It is important to take care of each other. It is necessary for humanity, community and belonging. Moreover, it is human nature to care.
Unfortunately, we can be reluctant or even feel guilty about asking for help when we need it. We’ve all seen it happen. Hesitation is especially common when someone is experiencing mental health challenges.
Despite intense educational campaigns to sow the seeds of compassion in recent decades, mental illness remains so stigmatized that many choose to suffer in solitude. , its hesitation and other signs that stigma is an obstacle to recovery should be noted.
Now let’s go to the same page about depression.
Major depressive disorder is characterized by depressed mood, loss of interest in activities, changes in appetite or weight, altered sleep patterns, fatigue, feelings of worthlessness or guilt, difficulty concentrating, and, in severe cases, recurrent characterized by the idea of death.
Studies show that nearly 10% of American adults experience a major depressive episode each year, and 20% experience a depressive episode at some point in their lives. Some people experience symptoms of depression without meeting the diagnostic criteria for major depressive disorder. Symptoms include feeling constantly depressed for several days, being overly tired, withdrawing from family and friends, and having difficulty at school or work.
In some cases, some people try to self-medicate their symptoms using alcohol or drugs. Not only is that approach unlikely to help, it can make symptoms worse.
Genuine concern and kindness from others can help people feel better and recover faster. If your friend or loved one seems different, withdrawn or sad, ask them in a kind and supportive way. Ask open-ended questions such as “How are you feeling today?” or “How are you?” Be ready to listen and offer support. If it is clear that you need help, ensure that there is an effective treatment.
Health care providers such as psychologists, clinical social workers, marriage and family therapists, and professional clinical counselors offer conversation-based psychotherapy, including cognitive-behavioral therapy and psychodynamic psychotherapy. Treatment can be delivered in a traditional office or through video conferencing. In some cases, psychiatrists and psychiatric nurses may prescribe antidepressants and other drugs.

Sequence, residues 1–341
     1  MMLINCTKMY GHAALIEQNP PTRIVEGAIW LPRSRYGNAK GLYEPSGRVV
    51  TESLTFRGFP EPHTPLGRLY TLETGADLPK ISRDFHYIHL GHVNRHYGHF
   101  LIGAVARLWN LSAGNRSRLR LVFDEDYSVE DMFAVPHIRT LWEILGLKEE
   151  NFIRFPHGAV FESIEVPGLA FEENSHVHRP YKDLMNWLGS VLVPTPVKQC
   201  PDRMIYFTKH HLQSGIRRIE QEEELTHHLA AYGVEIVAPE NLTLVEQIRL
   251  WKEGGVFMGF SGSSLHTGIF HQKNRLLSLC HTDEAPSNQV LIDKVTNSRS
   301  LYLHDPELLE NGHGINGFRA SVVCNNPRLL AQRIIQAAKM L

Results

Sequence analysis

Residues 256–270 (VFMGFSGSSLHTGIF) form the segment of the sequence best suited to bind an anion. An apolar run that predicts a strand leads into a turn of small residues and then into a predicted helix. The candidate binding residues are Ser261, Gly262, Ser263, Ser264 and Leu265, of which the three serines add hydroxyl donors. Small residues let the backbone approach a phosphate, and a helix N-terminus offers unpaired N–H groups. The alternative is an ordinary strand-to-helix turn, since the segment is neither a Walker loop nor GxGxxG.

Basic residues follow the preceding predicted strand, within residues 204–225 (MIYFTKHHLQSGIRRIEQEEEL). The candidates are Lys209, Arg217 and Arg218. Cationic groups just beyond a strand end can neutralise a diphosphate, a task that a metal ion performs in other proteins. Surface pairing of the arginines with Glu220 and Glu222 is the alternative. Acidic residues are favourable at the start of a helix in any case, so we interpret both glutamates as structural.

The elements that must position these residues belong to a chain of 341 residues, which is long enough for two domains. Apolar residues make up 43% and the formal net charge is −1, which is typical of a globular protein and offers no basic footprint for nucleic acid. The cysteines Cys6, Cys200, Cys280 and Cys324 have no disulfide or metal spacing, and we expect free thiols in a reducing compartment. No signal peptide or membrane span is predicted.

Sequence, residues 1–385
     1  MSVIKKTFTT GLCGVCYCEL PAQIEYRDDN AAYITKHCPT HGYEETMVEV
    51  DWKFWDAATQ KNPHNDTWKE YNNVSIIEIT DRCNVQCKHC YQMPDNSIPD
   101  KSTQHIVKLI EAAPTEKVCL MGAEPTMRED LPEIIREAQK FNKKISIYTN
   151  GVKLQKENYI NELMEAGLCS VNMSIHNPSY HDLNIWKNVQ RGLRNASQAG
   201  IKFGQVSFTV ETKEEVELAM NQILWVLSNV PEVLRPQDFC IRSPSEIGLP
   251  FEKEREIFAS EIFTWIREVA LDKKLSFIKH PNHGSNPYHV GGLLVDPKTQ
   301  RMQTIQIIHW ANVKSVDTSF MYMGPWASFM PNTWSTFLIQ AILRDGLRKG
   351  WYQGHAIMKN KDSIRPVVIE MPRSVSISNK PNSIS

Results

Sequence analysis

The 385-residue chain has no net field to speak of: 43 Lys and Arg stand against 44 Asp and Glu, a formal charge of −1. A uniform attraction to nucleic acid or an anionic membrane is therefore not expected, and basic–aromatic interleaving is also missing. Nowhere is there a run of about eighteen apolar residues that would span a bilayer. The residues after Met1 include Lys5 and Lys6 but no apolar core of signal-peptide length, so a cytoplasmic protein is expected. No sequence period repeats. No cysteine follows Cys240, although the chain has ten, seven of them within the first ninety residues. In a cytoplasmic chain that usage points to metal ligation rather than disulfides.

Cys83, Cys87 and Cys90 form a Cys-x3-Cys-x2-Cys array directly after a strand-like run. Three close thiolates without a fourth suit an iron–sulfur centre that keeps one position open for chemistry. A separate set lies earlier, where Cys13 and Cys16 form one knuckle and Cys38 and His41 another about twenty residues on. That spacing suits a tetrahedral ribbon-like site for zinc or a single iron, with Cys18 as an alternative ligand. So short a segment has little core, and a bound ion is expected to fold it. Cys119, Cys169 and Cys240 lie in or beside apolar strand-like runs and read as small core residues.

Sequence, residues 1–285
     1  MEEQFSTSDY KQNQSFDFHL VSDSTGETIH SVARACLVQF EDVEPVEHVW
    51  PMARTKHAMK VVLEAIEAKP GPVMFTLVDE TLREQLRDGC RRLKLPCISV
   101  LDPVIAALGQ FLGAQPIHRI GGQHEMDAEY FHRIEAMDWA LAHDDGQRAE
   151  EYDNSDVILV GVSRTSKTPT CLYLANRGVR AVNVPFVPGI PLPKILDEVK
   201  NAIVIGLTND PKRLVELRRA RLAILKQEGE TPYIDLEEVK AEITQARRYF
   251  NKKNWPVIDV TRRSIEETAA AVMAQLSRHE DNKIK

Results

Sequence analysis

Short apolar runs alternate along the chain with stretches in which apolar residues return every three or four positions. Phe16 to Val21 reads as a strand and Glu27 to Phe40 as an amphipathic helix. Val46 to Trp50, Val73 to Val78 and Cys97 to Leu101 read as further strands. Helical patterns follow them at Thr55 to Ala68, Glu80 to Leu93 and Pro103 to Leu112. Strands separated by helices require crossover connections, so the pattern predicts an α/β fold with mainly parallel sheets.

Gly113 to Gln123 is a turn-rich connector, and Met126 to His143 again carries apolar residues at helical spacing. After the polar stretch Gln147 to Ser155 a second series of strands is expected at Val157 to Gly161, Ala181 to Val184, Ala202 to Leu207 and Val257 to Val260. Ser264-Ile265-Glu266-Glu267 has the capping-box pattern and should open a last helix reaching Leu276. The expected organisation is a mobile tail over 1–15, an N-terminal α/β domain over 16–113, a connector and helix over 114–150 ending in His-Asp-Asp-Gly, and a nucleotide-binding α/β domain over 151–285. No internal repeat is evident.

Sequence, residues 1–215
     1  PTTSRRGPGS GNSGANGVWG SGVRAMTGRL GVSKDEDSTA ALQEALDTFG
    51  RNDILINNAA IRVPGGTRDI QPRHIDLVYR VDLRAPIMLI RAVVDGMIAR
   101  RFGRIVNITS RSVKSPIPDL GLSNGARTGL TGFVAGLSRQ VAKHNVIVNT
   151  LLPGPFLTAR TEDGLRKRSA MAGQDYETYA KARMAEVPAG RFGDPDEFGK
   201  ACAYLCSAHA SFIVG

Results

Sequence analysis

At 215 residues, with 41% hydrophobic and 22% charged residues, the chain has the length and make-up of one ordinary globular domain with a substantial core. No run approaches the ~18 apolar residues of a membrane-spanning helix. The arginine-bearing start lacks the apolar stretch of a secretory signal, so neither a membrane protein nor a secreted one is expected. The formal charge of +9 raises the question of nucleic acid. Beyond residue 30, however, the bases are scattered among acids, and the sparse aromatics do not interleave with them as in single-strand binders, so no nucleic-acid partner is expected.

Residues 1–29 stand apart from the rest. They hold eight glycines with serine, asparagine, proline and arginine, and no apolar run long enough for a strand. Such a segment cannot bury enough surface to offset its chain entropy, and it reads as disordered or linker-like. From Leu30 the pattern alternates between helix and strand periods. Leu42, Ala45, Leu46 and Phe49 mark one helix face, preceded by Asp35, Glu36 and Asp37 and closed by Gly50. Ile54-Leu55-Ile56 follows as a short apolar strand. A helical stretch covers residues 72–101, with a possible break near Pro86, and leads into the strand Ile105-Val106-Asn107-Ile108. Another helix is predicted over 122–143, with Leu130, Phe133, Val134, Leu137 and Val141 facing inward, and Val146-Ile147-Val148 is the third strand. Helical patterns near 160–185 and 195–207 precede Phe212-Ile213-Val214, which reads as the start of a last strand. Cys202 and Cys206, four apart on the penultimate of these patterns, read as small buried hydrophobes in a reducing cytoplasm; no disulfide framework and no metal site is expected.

While some people with depression may need professional help, there are many things you can do to help yourself feel better and reduce the likelihood of severe symptoms. Some simple strategies include maintaining a regular sleep and eating schedule, staying active, engaging in enjoyable hobbies, and maintaining relationships with close friends and family. If that sounds like you, doing just one small activity each day can boost your mood and energy levels.
Marin County Behavioral Health and Recovery Services (BHRS), a division of County Health and Human Services, provides outpatient management, Offers psychiatric and psychotherapy. It also provides crisis intervention services to all Marine residents regardless of insurance status. This includes the field-based Mobile Crisis Response Team and Crisis Stabilization Unit at MarinHealth Medical Center’s Greenbrae campus.
Help spread the word that there are services available to keep everyone safe and healthy. To access emergency services, dial 988 on the crisis text line at 741741, text “MARIN” to call the 988 Suicide and Crisis Hotline, or visit 988lifeline.org. To access outpatient mental health and substance use services through BHRS, call the 24-hour confidential access line at (888) 818-1115. Information about BHRS can also be found at marinbhrs.org.
It feels good to help someone in need. Let’s emphasize the “happiness” of Happy New Year.
Dr. Todd Schirmer is Director of Behavioral Health and Recovery Services for the Marin County Department of Health and Human Services.